To the editor:
Stan Walker’s response to my letter on U.S. foreign policy demonstrates the kind of unclear thinking that has brought America to the brink of disaster.
First, he misrepresents my point and attacks his own misrepresentation.
I never said we should not fight for our lives, or for our country’s life or that we should not defend ourselves against terrorism.
I said that the way we’ve been going about it is self-defeating. Our current strategy is unwise, doing more damage to our own country than anything the terrorists have done.
Second, he takes offense when no offense was given.
I have the greatest respect and admiration for cowboys. I did not use the term in a demeaning or insulting way.
What I did do was draw a familiar image from a once-popular television series to illustrate a point. My point was that our own strength has been used against us. The cost of this reckless war has left our economy in ruins. A weekly theme of this television series was to show how an adversary with superior strength could be defeated by using his own strength against him.
The fact that this television show happened to be set in the Old West was incidental to my point. Had it been set in Robin Hood’s day, the antagonists would have been Englishmen. Had it been set in prehistoric times, the antagonists would have been cavemen. This show was set in the Old West and the antagonists happened to be cowboys. The term was used as an identifier, not as a pejorative.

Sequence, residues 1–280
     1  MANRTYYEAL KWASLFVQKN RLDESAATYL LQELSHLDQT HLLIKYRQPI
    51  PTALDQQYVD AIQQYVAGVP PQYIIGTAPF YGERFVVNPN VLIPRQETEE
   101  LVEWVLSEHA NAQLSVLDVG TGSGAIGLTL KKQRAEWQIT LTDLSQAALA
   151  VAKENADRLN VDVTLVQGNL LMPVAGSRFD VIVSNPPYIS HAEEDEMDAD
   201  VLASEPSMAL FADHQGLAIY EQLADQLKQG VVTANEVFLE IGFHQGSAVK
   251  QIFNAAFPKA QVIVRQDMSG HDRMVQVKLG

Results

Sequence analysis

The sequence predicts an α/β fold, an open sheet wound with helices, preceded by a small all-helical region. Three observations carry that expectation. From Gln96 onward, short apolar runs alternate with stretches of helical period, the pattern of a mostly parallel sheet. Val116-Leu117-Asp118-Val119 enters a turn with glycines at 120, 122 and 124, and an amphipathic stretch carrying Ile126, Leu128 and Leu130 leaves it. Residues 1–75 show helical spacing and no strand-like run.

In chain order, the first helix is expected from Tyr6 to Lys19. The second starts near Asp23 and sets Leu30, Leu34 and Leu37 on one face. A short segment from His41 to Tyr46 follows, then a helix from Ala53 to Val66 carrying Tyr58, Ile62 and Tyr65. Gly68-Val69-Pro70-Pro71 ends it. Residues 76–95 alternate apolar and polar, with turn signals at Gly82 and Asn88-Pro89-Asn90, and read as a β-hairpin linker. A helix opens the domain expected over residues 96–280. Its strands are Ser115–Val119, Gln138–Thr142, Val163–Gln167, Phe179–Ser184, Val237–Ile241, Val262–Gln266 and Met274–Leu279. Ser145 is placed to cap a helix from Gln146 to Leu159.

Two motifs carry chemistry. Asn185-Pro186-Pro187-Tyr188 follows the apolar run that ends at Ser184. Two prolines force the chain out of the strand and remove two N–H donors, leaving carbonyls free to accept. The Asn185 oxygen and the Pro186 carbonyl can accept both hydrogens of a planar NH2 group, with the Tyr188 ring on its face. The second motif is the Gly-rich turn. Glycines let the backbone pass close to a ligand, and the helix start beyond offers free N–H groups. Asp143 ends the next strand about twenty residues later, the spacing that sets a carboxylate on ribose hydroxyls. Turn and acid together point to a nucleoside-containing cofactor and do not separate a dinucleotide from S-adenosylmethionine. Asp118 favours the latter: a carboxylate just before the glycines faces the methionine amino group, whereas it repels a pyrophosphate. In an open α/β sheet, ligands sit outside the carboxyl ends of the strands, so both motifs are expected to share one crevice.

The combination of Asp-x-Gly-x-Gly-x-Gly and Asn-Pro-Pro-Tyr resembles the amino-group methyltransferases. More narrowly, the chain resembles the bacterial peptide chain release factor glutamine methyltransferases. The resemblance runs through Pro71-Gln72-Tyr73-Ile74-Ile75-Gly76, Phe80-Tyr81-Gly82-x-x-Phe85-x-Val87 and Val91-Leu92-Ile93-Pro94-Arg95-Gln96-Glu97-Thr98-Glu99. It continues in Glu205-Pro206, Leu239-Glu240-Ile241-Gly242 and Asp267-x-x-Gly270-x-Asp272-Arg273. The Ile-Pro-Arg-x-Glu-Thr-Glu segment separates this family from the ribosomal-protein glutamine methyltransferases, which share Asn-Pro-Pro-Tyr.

Third, Mr. Walker attempts to attack me personally. This is usually the last resort of someone who is unable to convince on the issues themselves.
To this end, Mr. Walker suggests that my wisdom regarding international policy is derived from fictional television, that I have no perspective about history and that I am not well-read.
Despite all of this obfuscation, my points still stand: By throwing ourselves into an ill-advised war, we have bankrupted our country; by attacking another country under false pretenses, we have undermined our international credibility by arresting, imprisoning and torturing suspects without due process, we have abandoned the principle of unalienable human rights upon which this country was founded and legitimized; because we are the most powerful nation in the world, our adoption of these lawless, terrorist tactics has put the fear of the United States into every other people and nation on Earth; it is not too late to admit our mistakes, save our country and restore our honor.